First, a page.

I agree with my colleagues. Georgia law provides for several ranges of punishment depending upon the value of the property alleged to have been stolen. If the value is over $5,000 but less than $25,000, the crime is a felony and is punishable by 1 to 10 years. Your fiancé needs to quit talking to anyone other than an attorney.
For misdemeanors in GA, you are facing a maximum sentence of 12 months for each charge and a maximum of $1,000 fine. Depending on the victim and whether that person has been a victim before, the charge may be increased to a high and aggravated misdemeanor. That would result in a fine ranging from $2500 to $5000 and a maximum of 12 months in jail. Each charge can be ordered to serve consecutively. So, this person is facing a maximum sentence of 36 months if the person is charged with three...
There are numerous factors that go into custody schedules and parenting plans. Primarily, the courts consider the best interests of the child in determining a parenting schedule for the children. If there is a prior order, it needs to be modified with such drastic change in circumstances. I recommend you speak with an attorney in person to determine what your options are and how you wish to proceed.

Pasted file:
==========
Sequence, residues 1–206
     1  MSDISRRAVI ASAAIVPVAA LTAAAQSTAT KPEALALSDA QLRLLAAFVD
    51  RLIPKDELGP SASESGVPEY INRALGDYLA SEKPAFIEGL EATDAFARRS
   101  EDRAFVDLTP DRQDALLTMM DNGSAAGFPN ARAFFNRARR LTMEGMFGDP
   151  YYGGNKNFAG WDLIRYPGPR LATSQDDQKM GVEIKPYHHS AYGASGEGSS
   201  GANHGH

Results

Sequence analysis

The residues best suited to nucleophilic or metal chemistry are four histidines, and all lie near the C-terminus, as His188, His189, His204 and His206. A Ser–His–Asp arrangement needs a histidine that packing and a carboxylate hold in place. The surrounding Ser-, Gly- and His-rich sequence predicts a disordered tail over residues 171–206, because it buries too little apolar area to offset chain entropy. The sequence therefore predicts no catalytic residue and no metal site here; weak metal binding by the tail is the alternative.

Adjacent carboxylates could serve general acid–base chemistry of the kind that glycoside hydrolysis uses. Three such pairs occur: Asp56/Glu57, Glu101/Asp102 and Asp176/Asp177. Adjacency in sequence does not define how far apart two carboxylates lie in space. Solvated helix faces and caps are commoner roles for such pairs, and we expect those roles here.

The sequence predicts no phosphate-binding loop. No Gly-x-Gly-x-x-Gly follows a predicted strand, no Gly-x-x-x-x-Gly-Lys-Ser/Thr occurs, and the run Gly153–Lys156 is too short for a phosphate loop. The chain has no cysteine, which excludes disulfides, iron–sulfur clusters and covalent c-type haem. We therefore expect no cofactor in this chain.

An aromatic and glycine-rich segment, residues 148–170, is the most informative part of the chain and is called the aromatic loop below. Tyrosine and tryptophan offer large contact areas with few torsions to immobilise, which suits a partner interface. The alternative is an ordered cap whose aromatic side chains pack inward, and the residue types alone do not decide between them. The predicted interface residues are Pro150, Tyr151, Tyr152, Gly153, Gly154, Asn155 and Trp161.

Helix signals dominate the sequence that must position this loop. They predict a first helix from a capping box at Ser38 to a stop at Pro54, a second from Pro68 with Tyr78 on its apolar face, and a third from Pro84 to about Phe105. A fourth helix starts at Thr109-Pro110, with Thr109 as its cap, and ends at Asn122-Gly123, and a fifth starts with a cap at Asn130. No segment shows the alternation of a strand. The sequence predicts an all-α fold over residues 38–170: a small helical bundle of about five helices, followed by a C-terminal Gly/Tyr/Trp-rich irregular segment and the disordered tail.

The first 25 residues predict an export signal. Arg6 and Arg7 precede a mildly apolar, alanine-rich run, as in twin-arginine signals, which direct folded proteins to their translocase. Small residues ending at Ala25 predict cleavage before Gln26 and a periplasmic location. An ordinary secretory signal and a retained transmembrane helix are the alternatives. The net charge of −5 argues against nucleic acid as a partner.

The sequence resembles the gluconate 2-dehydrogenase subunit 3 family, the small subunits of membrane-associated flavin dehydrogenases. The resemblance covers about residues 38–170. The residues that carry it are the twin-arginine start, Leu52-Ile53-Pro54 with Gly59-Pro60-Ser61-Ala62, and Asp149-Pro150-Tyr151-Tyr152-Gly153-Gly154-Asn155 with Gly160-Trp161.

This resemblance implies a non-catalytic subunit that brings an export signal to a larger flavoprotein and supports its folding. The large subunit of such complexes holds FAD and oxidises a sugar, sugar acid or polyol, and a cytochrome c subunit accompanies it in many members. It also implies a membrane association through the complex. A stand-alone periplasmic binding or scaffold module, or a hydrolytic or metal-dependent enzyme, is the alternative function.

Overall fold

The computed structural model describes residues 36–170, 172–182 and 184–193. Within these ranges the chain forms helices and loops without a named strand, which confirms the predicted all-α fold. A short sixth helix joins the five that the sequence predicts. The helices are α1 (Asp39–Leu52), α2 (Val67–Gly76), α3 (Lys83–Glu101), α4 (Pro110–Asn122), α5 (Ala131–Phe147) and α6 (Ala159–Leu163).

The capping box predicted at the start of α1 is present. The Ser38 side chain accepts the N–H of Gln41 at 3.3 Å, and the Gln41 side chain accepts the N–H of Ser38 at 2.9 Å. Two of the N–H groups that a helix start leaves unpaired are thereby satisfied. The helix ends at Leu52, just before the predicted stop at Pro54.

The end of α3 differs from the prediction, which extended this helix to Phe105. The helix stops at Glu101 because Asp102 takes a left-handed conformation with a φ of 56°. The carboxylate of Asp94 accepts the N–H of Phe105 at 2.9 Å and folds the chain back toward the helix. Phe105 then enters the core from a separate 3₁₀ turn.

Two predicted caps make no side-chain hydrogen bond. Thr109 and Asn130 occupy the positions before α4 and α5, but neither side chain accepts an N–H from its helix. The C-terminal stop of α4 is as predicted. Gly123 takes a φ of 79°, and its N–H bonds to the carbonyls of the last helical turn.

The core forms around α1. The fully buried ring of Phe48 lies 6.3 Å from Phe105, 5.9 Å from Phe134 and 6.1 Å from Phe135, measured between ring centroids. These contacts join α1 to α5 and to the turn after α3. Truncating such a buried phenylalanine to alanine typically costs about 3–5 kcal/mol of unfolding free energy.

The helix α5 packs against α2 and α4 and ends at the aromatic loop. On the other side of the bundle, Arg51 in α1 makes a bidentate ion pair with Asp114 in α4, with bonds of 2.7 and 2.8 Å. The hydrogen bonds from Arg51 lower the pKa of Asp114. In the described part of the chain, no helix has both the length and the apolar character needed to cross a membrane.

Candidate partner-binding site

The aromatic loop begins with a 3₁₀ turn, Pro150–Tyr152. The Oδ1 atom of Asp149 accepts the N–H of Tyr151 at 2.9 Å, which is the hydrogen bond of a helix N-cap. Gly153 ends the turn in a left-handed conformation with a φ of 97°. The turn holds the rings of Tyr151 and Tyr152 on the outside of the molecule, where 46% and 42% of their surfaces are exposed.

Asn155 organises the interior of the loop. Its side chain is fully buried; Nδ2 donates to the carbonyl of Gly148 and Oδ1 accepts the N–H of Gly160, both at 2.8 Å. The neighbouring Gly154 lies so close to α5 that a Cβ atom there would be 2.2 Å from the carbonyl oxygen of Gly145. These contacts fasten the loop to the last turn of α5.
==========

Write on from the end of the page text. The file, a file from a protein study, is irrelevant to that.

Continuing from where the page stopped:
Attorney Zezima is correct. You must file a legitimation if you are going to have enforceable rights to custody or visitation with your child. Don't wait until she moves. If you file for custody and legitimation, you will at the very least have a visitation order.
I agree with my colleague. It is always best to be honest. If the application requests the information surrounding the charges, you may want to provide some explanation. Everyone has made mistakes. Here, you have only been charged, and maybe you can get the charge reduced. If you do not have an attorney, I strongly recommend you speaking with one. Best wishes with your education.
You should speak with an immigration attorney. You need to give that attorney all the facts necessary so the attorney can advise you. If you were married in 2010, did you receive LPR status? Are you sure you are a citizen and not a lawful permanent resident? As to any possible misrepresentation, you should speak with an attorney personally. There may be consequences that you need to be aware of.
First this question is most appropriate for your attorney. If you don't have one, you need to get one. With that said, the husband can agree to pay attorney's fees. If the case remains contested, or if he issue of attorney's fees is not settled, I know in my jurisdiction, we can reserve the issue of attorney's fees for the Court.
I agree with Attorney Rice. Attorneys are required to keep the Bar updated with their contact information. Try the following link and see if there is different contact information for you try to contact him.